In the past decade, novel psychoactive substances (NPSs) gained a significant role on the contemporary drug scene. Synthetic cathinones and synthetic cannabinoids are the most common NPSs both in Hungary and worldwide. This study aims to provide a literature review on the Hungarian characteristics related to the use of these NPSs.
Available literature regarding synthetic cathinone and cannabinoid use in Hungary was overviewed and structured into (a) epidemiological studies, (b) studies on the subjective and somatic effects, and (c) studies on toxicity and adverse consequences. Published papers between 2007 and 2017 were identified using PubMed and MATARKA search engines.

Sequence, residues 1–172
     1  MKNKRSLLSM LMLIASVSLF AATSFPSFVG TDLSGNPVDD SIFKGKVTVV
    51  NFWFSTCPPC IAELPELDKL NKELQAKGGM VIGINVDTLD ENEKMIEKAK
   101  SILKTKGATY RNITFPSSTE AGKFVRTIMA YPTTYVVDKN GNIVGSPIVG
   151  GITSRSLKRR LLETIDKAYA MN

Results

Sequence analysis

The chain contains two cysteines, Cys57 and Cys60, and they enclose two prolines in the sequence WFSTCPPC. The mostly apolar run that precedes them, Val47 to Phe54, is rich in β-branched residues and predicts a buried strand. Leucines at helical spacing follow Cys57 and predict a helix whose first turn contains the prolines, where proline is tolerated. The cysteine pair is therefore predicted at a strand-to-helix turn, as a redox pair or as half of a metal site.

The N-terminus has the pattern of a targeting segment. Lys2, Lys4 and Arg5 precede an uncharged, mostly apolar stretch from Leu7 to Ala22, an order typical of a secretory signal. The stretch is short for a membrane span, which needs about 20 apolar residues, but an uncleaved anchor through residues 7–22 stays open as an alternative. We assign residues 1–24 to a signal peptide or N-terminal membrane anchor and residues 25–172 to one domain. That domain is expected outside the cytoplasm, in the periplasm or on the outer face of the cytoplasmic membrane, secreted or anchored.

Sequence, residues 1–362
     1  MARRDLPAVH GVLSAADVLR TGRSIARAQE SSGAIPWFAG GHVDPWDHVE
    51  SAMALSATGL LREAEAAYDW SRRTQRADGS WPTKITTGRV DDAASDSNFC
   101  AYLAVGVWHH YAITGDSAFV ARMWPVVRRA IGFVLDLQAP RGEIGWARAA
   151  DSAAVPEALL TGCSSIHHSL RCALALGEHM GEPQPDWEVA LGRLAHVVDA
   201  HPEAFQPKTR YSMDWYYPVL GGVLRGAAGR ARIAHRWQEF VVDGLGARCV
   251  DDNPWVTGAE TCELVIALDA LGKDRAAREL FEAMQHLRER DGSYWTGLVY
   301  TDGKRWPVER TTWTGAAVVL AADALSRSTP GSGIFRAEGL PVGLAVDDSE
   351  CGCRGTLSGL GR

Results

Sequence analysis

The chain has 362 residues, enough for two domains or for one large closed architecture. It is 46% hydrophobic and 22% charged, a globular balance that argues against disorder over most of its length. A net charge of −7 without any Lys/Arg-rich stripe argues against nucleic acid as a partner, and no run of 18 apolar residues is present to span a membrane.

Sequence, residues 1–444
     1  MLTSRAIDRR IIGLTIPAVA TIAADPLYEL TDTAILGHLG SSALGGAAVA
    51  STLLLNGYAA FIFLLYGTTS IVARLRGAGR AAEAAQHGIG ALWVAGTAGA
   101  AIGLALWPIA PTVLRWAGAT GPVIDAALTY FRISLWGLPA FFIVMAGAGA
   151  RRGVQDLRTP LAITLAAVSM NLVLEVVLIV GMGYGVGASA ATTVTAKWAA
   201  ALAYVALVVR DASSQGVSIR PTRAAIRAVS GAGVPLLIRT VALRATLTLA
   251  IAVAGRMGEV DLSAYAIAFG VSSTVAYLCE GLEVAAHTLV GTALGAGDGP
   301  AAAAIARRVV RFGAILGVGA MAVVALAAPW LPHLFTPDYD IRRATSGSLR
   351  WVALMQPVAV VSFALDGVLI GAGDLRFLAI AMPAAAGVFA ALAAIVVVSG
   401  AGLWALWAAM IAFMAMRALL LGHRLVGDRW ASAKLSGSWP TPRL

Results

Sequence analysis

One hundred twenty-six papers were identified and after exclusion, 54 papers remained for in-depth analysis. Most of the reviewed studies were providing epidemiological information regarding the NPSs of our interest. Hungarian prevalence rates were not higher than the European averages. Identified risks of these NPSs consisted of drug-induced psychosis, further severe psychiatric symptoms, and fatal overdose. Injecting of cathinones was also a commonly reported phenomenon, mostly among clients of needle-exchange programs.